What Mortgage Interest Rate Would I Get for a FICO Score of 700?

FICO is a credit-rating scale the Fair Isaac Corporation created to help lenders decide how creditworthy a prospective borrower is. The scale ranges from 300 to 850 points. The more points your credit history receives, the more likely you are to get approved for a loan such as a mortgage. Likewise, with high points, you have the privilege of paying lower interest rates on the cash you borrow.

Stacking Up

Generally, with a FICO score of 700, you get the second-best annual percentage rate on a mortgage. Rates can change daily. For example, on Feb. 22, 2013, the rate for a borrower with such score was 3.5 percent. Someone with a score between 680 and 699 would have qualified for a 3.6 APR. And the highest credit rating, between 760 and 850, would have gotten a loan at 3.2 percent.

Locking It In

In times of sustained economic growth, the interest you pay on loans is higher than when the investment market becomes sluggish. You can lock in a mortgage rate with a home-loan pre-approval letter. This letter, which spells out the mortgage terms, is usually valid for 90 days. If you don't find a house within that period, you must reapply for approval and the mortgage rate may change.

Getting Pre-Approved

Set up an appointment with a mortgage loan officer at a financial lender. Ask what documentation you should take to your meeting. At the very least, be ready to present bank statements, W2s, pay stubs and tax returns. You also need to provide your Social Security number and information on any revolving-debt balances such as credit cards. The loan officer will review your records and credit report to determine which mortgage interest rate you qualify for.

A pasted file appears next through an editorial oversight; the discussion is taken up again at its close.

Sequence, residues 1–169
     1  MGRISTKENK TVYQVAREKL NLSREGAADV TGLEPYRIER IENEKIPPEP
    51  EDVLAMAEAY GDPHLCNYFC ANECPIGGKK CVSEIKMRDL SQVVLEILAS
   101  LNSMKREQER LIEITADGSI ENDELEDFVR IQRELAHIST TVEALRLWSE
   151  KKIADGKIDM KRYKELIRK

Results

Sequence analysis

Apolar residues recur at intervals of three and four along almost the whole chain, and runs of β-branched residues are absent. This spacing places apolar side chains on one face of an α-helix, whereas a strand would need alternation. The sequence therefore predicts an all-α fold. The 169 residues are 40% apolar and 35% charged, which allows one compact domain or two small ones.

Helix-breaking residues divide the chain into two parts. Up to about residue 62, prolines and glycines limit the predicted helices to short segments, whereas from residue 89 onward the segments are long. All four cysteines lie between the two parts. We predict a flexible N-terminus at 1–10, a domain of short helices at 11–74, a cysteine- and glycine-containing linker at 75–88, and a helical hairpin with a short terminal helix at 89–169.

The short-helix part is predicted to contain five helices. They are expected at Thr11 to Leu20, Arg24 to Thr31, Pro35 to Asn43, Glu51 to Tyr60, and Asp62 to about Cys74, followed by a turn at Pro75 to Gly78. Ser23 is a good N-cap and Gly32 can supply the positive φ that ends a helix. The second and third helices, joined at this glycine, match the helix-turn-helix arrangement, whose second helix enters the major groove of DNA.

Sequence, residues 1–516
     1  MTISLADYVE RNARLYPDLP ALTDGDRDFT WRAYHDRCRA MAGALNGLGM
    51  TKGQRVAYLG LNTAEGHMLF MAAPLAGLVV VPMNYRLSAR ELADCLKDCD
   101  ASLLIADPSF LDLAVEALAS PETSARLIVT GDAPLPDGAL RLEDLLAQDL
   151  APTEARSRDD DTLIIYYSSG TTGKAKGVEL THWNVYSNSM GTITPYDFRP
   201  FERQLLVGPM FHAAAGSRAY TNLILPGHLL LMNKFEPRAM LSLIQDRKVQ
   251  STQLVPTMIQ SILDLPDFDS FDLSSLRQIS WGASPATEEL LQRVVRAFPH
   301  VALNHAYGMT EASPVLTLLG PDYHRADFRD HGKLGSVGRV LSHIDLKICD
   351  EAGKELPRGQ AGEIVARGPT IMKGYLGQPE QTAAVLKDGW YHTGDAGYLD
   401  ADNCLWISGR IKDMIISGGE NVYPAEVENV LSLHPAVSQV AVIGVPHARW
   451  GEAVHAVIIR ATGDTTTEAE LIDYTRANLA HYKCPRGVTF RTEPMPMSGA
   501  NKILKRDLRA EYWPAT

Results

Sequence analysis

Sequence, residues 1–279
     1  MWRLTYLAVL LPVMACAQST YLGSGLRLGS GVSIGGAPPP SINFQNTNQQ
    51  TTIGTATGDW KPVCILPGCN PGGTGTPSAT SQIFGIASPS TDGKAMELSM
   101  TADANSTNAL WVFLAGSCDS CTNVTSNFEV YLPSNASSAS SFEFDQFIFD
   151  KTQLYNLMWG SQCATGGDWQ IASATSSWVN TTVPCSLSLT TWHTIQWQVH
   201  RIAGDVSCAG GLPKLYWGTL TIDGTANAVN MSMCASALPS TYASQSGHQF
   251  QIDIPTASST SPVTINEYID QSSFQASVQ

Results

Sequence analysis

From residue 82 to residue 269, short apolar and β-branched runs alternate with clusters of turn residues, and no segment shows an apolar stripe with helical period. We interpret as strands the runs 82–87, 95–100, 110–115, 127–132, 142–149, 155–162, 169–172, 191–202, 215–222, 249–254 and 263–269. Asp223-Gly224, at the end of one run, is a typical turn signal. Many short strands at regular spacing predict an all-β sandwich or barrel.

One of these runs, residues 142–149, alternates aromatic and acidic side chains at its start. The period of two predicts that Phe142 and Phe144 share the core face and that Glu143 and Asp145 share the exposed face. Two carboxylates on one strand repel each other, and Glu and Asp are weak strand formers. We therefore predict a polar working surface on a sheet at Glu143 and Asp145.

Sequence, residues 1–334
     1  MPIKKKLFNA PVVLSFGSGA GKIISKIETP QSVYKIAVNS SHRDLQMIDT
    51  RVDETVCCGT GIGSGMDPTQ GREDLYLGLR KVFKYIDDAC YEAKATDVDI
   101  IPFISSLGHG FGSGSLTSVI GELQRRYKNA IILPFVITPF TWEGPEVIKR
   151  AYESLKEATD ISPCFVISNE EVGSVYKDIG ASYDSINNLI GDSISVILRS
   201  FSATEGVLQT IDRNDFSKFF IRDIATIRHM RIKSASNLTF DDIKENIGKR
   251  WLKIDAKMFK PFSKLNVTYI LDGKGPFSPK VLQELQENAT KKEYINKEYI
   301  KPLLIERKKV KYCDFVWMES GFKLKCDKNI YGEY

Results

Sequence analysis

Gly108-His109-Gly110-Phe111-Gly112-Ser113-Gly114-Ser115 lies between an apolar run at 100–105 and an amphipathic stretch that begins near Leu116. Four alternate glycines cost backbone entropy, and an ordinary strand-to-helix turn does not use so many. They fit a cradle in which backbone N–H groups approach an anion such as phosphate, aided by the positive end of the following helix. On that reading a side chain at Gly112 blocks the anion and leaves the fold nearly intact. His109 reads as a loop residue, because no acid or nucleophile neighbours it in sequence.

Boosting Your Score

To help raise your FICO score, use a major credit card but keep the balance well below your credit line and pay at least the minimum by the due date. Ideally, pay the full balance when it comes due. Also order your free annual credit report. If you find errors, contact the three major U.S. credit bureaus to ask for a correction.

Photo Credits

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About the Author

Emma Watkins writes on finance, fitness and gardening. Her articles and essays have appeared in "Writer's Digest," "The Writer," "From House to Home," "Big Apple Parent" and other online and print venues. Watkins holds a Master of Arts in psychology.

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